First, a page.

A prescription of Seroquel has banished the voices. But Stone, used to the suburbs, is uneasy in Camden. “I feel like I’m in a whole other country. I’m fearful for my safety all the time,” she says. “I’m not at all used to the city and the crime rate. There’s zero crime in Haddonfield just about.”
In fact, Stone is fairly typical of the guests at Anna Sample. More than half the population comes from outside Camden City, according to Tamika Levels-Hood, the program director there.
While Stone was referred directly from the hospital to the shelter, for many homeless, a shelter is a last resort. Wright says she comes across people who’ve been living in sheds or basements—or who stayed in their cars until they could no longer afford the insurance and registration. “It’s more like a pride kind of thing you’ll find with some people: they just aren’t used to asking for assistance in any way,” Wright says. “Sometimes they’ve been looking for jobs even throughout that time.”
Any social worker will tell you that, when it comes down to it, there are two types of homeless: the situational homeless, and the chronic homeless. It’s the first kind—the ones who, as Lasusky puts it, don’t have drug abuse issues or mental health issues, but “simply have income issues”—that have been on the rise in recent years.
Wright says she’s been seeing more people become homeless as they wait for their unemployment benefits to begin. Even more alarmingly, “We’re seeing people who are unemployed, and their unemployment [benefits have] been exhausted,” she says. Also a recent phenomenon, according to Lasusky, is the influx of foreclosed homeless. Until the mortgage meltdown, she says, “usually people who owned a home had enough resources not to wind up” in a shelter.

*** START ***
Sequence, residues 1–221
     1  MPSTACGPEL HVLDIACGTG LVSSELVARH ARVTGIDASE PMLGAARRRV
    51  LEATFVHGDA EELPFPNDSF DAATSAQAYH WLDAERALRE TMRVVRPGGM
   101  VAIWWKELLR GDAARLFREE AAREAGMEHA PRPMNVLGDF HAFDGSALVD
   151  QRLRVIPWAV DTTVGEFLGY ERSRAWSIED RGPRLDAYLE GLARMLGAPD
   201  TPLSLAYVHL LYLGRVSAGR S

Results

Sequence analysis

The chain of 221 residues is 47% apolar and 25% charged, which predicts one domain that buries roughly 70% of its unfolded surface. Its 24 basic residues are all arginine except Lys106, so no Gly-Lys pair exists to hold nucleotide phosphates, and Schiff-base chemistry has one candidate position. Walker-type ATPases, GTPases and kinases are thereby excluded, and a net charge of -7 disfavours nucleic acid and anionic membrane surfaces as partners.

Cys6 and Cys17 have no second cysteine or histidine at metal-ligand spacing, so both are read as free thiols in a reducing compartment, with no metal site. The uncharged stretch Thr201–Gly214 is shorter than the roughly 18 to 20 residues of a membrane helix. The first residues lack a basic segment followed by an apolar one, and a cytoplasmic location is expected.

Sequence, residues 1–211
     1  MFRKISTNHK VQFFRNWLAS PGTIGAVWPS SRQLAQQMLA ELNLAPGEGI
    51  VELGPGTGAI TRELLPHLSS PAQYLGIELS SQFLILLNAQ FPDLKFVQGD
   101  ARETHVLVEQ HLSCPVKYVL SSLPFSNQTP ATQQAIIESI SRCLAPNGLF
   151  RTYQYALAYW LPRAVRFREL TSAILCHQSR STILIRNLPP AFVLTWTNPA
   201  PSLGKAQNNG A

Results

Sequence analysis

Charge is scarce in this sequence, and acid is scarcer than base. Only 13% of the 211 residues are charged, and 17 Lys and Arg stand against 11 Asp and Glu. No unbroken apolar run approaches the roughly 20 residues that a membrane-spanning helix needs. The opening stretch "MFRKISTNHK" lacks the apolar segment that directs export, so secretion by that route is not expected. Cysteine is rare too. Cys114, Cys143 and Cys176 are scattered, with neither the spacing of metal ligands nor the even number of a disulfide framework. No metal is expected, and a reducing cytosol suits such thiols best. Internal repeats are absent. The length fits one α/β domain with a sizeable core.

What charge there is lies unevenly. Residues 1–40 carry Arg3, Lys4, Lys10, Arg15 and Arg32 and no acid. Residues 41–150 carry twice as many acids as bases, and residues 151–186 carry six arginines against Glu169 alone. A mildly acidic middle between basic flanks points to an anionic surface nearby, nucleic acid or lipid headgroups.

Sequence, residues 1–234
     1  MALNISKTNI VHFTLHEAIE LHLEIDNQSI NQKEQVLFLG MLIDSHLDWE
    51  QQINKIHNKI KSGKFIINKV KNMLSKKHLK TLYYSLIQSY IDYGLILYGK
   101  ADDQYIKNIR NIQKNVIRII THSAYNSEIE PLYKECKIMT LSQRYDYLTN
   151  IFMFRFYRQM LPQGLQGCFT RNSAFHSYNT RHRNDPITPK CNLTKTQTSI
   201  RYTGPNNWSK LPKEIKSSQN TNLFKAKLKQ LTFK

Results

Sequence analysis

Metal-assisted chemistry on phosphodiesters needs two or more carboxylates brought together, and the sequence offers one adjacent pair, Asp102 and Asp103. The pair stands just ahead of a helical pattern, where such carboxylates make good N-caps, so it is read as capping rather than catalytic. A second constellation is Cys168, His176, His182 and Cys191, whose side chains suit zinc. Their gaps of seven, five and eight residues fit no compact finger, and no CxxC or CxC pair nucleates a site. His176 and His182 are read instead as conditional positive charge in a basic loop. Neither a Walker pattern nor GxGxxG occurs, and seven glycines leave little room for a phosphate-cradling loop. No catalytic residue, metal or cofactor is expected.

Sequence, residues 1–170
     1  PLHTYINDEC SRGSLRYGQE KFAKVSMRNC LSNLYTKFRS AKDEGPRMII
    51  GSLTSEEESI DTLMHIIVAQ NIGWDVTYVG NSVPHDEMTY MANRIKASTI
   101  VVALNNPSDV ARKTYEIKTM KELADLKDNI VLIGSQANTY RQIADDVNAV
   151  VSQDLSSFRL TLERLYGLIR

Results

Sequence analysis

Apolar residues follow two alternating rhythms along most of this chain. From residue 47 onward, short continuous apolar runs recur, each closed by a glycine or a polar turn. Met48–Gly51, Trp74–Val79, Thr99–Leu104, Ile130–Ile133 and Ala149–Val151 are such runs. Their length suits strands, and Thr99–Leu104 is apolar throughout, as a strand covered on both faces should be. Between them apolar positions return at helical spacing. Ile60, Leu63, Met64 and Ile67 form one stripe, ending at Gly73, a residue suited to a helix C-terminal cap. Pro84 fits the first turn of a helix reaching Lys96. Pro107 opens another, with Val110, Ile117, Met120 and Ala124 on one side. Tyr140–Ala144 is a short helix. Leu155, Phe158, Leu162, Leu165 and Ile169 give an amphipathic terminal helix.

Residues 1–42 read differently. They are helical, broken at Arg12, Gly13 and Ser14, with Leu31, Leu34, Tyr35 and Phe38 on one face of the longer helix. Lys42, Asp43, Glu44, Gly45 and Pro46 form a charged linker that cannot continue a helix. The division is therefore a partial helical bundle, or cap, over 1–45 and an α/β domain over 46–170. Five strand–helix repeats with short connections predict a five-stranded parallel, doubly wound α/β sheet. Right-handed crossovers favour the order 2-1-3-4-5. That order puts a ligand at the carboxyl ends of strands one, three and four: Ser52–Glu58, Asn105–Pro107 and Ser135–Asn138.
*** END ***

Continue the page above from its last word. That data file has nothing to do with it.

You could call it a class issue. But about 35 percent to 40 percent of Anna Sample clients have college degrees or higher.
“More often than not, a family enters into homelessness as part of a gradual process,” explains Gary Salmon, executive director at Family Promise of Gloucester County, the IHN affiliate.
Exiting homelessness is a much greater challenge—especially in South Jersey.
Part of the problem is that cheap housing in our region is staggeringly hard to come by.
There is some subsidized housing, through federal vouchers commonly known as Section Eight. There just aren’t enough of them to go around. “Gloucester County gets 1,900 vouchers like this from the federal government; there are 8,000 people on the waiting list,” Salmon says. “So that means if somebody loses their place to live and they go to the Board of Social Services for help and they want to apply for a rent subsidy, the waiting list might be four years.”
Affordable housing, meanwhile, sounds like a misnomer to families that are working but fall below the poverty line. Minimum income levels of $22,000 for couples and $25,000 for families are unattainable for many trying to claw their way out of homelessness.
Between their damaged credit scores and the difficulty of cobbling together a month’s rent and a deposit, returning to long-term housing is a substantial hurdle. “Once you become homeless it’s like a death spiral. It’s so hard to get out of that situation,” Lasusky says.
Even if county budgets weren’t so tight, there are other contributing factors that prevent more extensive support systems from being installed in our region. One is the not-in-my-backyard attitude that runs throughout South Jersey communities, where residents—albeit understandably—guard their property values more jealously than ever in a slumping housing market. The head of one social services organization in Burlington County says that even installing a kitchen or a few bedrooms, so that they could offer some meals or emergency services at their group’s relatively secluded suburban headquarters, was vetoed by the town’s zoning board, at the behest of concerned neighbors.
Jose Dominguez says he’s not sure what his family would have done without IHN’s help. “There was no other resort for us,” he says. But it won’t be an option in the future: IHN is a one-time-only offer.
So, he’s looking for a second job—anything to keep his family secure. “Sometimes I still do feel like [homelessness] could be right around the corner again,” he says. “I try my hardest to keep it out of sight.”
Published (and copyrighted) in South Jersey Magazine, Volume 7, Issue 12 (March, 2011).